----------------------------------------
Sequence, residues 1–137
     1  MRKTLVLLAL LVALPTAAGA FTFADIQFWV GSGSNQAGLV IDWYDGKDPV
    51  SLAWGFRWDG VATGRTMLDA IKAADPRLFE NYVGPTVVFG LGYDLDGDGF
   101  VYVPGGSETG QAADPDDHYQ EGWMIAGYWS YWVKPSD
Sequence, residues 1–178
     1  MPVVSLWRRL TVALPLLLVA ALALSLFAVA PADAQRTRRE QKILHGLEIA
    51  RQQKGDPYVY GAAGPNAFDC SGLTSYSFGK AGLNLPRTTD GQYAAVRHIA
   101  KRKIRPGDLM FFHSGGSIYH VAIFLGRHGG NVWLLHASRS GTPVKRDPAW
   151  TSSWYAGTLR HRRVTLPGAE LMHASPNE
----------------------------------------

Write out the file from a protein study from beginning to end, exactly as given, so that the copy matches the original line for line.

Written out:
Sequence, residues 1–137
     1  MRKTLVLLAL LVALPTAAGA FTFADIQFWV GSGSNQAGLV IDWYDGKDPV
    51  SLAWGFRWDG VATGRTMLDA IKAADPRLFE NYVGPTVVFG LGYDLDGDGF
   101  VYVPGGSETG QAADPDDHYQ EGWMIAGYWS YWVKPSD
Sequence, residues 1–178
     1  MPVVSLWRRL TVALPLLLVA ALALSLFAVA PADAQRTRRE QKILHGLEIA
    51  RQQKGDPYVY GAAGPNAFDC SGLTSYSFGK AGLNLPRTTD GQYAAVRHIA
   101  KRKIRPGDLM FFHSGGSIYH VAIFLGRHGG NVWLLHASRS GTPVKRDPAW
   151  TSSWYAGTLR HRRVTLPGAE LMHASPNE